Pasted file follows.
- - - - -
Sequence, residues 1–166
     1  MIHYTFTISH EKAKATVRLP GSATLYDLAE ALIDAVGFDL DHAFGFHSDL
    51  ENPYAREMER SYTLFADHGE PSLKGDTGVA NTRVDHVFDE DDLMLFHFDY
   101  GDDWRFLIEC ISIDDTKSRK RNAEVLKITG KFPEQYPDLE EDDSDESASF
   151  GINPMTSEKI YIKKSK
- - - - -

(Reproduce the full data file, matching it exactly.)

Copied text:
Sequence, residues 1–166
     1  MIHYTFTISH EKAKATVRLP GSATLYDLAE ALIDAVGFDL DHAFGFHSDL
    51  ENPYAREMER SYTLFADHGE PSLKGDTGVA NTRVDHVFDE DDLMLFHFDY
   101  GDDWRFLIEC ISIDDTKSRK RNAEVLKITG KFPEQYPDLE EDDSDESASF
   151  GINPMTSEKI YIKKSK